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Does Your Child Say This? “That's boring!”

by James Lehman, MSW
Does Your Child Say This? “That's boring!”

When adolescents say something is boring, what they’re often expressing is a low level of anger and frustration. My guess is that this comes from the fact that either they don’t have anything interesting to do and they’re frustrated, or the task they have to do isn’t exciting and requires attention and energy. So when you say, “It’s time to go do your math now,” and a teen responds, “Math is so boring,” they’re expressing a low level of frustration and anger about having to do their math homework, probably because math is boring to them. I tend to honor these kinds of statements in the affirmative. If a child were to tell me he was bored, I’d say, “Can I help you with any ideas on how to make it easier to deal with?” If he said yes, I’d try to process some choices with him. If he said no, I’d say, “OK, well, if you change your mind, you know where to find me,” and then go on about my business. Remember, as a parent, it is not your job to fix your child’s negative feelings or solve his social problems. It’s your job to teach him how to solve problems such as figuring out something to do. It’s also your job to let him experience the negative feelings that the problem of boredom is triggering.

Your Child: “That’s boring! I don’t want to do my math homework.”

Translation: “I’m angry and frustrated because math isn’t cool or exciting.”

Ineffective: “You’re just saying that because you’re lazy and don’t want to do the work.”

Effective: “I know math can be boring, but it’s your responsibility to get it done. Why don’t I help you get started?”

For parents of younger children: When your child says he or she is bored, the solution is simple. Give them something to do, or give them a choice of two things to do. You can start by asking them if there’s something they’re interested in doing, but don’t push them to make a choice. You can also create tasks and jobs for younger children, such as having them help you in the kitchen or in the yard. This can redirect their energy and dispel their feelings of boredom.


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James Lehman, MSW was a renowned child behavioral therapist who worked with struggling teens and children for three decades. He created the Total Transformation Program to help people parent more effectively. James' foremost goal was to help kids and to "empower parents."

READER'S COMMENTS

I have used this technique for a long time. my daughter is 6 years old and she know that when she gets bored, she can go to the "learning center" we have set up in the house. It is really only a cabinet and drawers that I make sure to put different activities in. There are coloring books, puzzles, games, crafts, activity books, reading books. Whatever your child is into and age appropriate of course. I also make sure there is a drawer labled for each child. That way if a child does not get to finish the project at that time, none of the others can take it away.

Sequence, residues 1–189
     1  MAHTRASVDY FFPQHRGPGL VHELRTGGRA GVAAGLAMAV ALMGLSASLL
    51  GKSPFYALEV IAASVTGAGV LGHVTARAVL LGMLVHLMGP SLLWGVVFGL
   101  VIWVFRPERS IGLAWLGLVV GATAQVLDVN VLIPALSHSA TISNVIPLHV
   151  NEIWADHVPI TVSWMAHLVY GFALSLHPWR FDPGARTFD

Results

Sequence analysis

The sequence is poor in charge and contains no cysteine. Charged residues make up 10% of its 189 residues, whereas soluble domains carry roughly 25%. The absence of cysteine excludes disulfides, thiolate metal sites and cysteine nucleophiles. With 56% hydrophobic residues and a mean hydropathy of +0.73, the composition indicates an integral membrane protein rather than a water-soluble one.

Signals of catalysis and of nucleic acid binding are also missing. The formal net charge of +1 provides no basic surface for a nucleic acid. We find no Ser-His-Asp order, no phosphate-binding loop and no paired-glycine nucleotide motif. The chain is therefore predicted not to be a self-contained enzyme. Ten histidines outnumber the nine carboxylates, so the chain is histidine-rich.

Comment By : Monica

A number of my students, when I asked, told me that when they said it or a class was boring, they simply didn't want to do the work and/or participate in the class.

Comment By : mightyhorn

My 8 year old son, says school is boring and he doesn't like it. I don't know what to tell him anymore.

Comment By : TJ MOM of 3

It has been my experience that kids say something is boring because they are frustrated that they aren't allowed to do what they want to do, and their will is being subjugated to that of authority. My son, who is 13 and has ADHD, constantly does that. I simply tell him that it is an important life lesson that he needs to learn-we do have tos before we do want tos. When that is consistently the answer, they eventually seem to get over their anger at being stymied, and accept that their will isn't going to prevail. My problem comes up when I see him starting to act more maturely, and I want to reward him and allow him to have more say, and end up shooting myself in the foot by undermining my own position.

Comment By : mk2008

Wow mk2008 I agree. I sometimes think I am on this island and the only one going through some of these things. I then read these posts and realize we all are. It is helpful and comforting at the same time.

Comment By : sl63

My 16 year old boy often says "I am bored, there's nothing to do" when he has homework to do. Then I suggest to do his homework or to read but he says "I can do it later" Sometimes he goes to YMCA to play basketball but if there is no one to play together he is bored easily without playing more 15 to 20 minutes. Is there any good suggestions in these cases?

Comment By : HSFL

* Dear HSFL: If your child has homework to do, you might say “I understand that you’re bored. You need to have your homework done by 4 o’clock. Once it’s done, I’d be happy to help you figure out what you might like to do.” Once his homework is finished, you can address the activities he is choosing. Kids often say they’re bored – I often take that to mean “I’m not interested in what I’m doing.” Unless your child has had a sudden change in his interest level (not enjoying things he used to enjoy – which may be a sign of depression), he may just be experiencing the normal ups and downs of adolescence. You might encourage him to find an after-school job, or volunteer somewhere, to help him feel more challenged and engaged. If he enjoys the YMCA, perhaps an after-school league or group class would give him something to focus on. If he refuses, let him know that he will need to find something on his own. Do not continue to make suggestions once you have initially done so. If he continues to complain of boredom, you can say “I’ve given suggestions. If they don’t interest you, it’s up to you to find something different.” Good luck!